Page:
After coming out as bisexual, the same swish in my hips was ridiculed. My queerness became something that I had to hide, for my safety. It wasn’t until I moved to New York in my 20s that I was able to fully explore my queerness in both my sexuality and expression.
But even large cities aren’t the queer sanctuaries that many mistake them to be. Just in the last few weeks a lesbian woman was harassed and assaulted on the train in the city I call home. Even more horrific, a trans woman of color was murdered in the same city. These city lights expose that anti-LGBT hate doesn’t just exist in the shadows of middle America.
The days following the Pulse I could barely get out of bed. I was in mourning. Precious lives were lost. The safe space of queer nightlife was desecrated. It was time for Pride but I couldn’t bring myself to celebrate.
I couldn’t bring myself to dance.
Weeks passed but things weren’t the same. Something had changed significantly for me and for my community. Life went on but the reminders of the 49 lost were etched into my mind. Their faces resurrected in memorials around New York City. Their names echoed on lists, not to be forgotten.
The election only made things worse. My depression consumed me, paralyzing my daily life. An administration voted in by individuals who actively worked against queer people took control. Living as a queer person of color post Pulse after this election brought forth some of the hardest times I’ve ever faced.
I assume my position perched on the balcony. My feet already sore since I only wear heels no shorter than six inches, but holding onto the railing provides some relief. It also gives me a bird’s eye view of the crowd raging below. I adjust my corset and sip my drink through a straw so not to ruin my glittered lips.
This is Gotham, a weekly party at Webster Hall thrown by nightlife legend Kayvon Zand, who I met years ago. I host here now, inviting queer people to dress up in glitter or leather, and dance the night away in VIP. I pour drinks for the new children who come out in looks for their first time, wagging my finger and giving an approving “yaasss” to those who truly turn it, and giving reassuring smiles to those too nervous to be in a look, waiting for approval.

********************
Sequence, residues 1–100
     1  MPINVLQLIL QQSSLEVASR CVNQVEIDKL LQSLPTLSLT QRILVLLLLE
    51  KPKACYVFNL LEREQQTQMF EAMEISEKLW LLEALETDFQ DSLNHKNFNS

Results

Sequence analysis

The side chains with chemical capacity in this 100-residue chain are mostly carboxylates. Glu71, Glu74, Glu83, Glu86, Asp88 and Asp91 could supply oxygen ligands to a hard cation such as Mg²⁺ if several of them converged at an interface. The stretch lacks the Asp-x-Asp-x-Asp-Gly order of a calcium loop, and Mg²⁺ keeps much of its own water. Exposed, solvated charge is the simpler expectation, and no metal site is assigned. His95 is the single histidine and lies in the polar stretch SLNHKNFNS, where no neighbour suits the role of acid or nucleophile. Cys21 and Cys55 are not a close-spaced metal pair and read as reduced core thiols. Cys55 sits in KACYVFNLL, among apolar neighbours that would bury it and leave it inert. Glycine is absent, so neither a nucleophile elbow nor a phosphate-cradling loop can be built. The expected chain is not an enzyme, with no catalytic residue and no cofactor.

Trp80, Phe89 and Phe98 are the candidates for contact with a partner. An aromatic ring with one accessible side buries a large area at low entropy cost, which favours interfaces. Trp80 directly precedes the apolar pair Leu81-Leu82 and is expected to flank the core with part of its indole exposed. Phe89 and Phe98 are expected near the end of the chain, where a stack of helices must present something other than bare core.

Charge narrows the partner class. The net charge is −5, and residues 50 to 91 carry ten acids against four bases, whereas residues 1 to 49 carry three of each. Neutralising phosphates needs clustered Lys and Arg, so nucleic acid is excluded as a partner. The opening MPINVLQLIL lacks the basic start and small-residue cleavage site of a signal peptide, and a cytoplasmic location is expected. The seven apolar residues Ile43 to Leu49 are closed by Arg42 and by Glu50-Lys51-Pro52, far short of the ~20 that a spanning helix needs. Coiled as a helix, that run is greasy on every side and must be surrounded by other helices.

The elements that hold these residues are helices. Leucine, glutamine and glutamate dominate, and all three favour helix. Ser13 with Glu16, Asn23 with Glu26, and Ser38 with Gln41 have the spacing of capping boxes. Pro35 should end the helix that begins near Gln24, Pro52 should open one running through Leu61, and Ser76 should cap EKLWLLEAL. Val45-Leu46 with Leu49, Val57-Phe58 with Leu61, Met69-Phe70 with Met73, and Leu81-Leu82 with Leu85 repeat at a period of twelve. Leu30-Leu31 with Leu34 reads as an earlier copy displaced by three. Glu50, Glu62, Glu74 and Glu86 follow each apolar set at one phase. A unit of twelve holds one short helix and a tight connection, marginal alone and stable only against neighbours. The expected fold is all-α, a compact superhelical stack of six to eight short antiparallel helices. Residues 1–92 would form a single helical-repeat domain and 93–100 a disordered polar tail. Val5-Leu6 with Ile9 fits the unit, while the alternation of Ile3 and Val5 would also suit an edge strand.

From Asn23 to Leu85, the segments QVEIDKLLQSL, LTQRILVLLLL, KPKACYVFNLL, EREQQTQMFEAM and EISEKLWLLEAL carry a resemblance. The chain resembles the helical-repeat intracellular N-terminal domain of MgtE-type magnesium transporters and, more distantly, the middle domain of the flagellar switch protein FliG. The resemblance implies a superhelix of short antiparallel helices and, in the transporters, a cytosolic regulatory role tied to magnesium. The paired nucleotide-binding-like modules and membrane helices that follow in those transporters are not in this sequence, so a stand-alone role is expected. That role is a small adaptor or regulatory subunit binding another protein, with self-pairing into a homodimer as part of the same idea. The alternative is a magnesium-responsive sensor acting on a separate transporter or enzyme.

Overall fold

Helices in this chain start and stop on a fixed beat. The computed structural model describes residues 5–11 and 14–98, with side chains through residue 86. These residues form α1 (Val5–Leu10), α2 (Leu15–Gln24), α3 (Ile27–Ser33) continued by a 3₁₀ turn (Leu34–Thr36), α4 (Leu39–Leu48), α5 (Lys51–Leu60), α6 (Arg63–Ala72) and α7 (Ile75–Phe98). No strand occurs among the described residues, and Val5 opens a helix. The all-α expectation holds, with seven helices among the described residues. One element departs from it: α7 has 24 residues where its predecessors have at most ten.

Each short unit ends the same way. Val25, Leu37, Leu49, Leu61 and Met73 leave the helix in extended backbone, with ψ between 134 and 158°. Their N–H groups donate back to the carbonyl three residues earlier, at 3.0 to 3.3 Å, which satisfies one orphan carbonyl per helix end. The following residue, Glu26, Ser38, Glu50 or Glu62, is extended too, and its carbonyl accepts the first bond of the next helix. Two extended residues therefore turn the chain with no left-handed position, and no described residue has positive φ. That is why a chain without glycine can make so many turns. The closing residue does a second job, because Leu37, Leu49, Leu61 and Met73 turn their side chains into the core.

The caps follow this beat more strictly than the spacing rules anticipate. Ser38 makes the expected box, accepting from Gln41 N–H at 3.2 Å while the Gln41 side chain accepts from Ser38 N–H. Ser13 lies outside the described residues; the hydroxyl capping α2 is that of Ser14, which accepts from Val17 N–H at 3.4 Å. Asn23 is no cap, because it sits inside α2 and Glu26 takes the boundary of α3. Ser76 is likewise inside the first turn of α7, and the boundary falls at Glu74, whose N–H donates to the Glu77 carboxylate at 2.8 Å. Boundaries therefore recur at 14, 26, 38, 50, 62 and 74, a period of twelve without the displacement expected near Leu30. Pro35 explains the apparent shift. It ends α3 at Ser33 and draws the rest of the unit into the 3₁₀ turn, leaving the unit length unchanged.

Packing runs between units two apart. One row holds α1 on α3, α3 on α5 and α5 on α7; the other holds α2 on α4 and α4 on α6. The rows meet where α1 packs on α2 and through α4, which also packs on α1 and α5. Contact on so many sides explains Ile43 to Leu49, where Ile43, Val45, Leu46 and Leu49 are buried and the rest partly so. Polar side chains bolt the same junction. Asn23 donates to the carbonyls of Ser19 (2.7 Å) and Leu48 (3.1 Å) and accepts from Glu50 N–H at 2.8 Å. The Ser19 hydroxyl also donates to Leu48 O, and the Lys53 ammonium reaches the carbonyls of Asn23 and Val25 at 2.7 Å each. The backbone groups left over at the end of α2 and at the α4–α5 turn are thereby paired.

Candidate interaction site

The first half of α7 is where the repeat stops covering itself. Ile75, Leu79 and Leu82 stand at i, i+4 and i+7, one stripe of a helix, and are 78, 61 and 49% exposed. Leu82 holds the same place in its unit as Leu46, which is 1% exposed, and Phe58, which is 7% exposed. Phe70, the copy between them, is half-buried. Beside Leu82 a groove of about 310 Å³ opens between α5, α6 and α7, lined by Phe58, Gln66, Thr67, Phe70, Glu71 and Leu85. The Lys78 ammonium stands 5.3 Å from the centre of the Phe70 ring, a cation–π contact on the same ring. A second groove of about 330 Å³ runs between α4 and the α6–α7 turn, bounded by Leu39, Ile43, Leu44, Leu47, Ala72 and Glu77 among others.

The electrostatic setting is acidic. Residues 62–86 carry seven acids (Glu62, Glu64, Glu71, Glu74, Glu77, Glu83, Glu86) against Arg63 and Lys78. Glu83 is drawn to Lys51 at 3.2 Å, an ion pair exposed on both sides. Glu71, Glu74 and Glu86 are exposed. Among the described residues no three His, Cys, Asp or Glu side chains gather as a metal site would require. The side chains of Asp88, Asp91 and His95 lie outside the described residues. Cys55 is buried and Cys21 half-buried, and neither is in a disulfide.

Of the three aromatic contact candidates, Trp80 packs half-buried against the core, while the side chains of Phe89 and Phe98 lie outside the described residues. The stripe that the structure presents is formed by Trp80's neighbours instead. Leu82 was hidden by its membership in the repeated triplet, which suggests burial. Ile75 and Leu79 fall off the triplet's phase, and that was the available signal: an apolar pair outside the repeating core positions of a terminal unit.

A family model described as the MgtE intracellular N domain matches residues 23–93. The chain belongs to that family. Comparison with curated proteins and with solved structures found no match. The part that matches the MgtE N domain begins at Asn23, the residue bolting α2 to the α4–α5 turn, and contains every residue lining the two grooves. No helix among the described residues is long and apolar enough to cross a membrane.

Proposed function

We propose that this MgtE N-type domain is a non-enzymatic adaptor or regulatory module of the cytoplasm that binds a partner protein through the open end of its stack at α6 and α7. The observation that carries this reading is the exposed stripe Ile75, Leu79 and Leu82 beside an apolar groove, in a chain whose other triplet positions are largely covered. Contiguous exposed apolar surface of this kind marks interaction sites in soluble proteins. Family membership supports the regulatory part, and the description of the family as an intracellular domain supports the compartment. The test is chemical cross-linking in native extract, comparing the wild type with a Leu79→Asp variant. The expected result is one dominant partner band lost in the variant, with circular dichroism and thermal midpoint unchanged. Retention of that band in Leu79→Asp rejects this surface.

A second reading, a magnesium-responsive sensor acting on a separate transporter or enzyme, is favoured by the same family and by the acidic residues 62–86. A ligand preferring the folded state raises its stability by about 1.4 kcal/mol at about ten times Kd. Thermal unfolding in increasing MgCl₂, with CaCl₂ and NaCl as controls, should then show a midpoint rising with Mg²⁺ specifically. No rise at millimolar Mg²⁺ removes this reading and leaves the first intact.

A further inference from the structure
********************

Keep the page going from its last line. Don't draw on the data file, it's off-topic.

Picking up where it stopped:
It’s in these spaces that I feel at peace now a year later since Pulse happened.
I still have days where it’s hard to get out of bed, yet I’ve found myself going out more than ever. I put my look on like armor. My sink tells the stories of ferocious looks past. I create my looks as a form of therapy. I allow myself to live a fantasy and celebrate the parts of me society wished didn’t exist.
Days I spent in bed now are turned into nights spent on dance floor. I find it rejuvenating to be around queer people uninhibited and joyful. It’s not about the substances, it’s about the community. I find the strength I need to face the day in queer nightlife.
This is what makes it so special to me and so sacred for queer people. It’s a self created space where we find and celebrate each other. It’s why queer people met at Stonewall, it’s why queer folks danced at Pulse that tragic night and it’s why I dance now.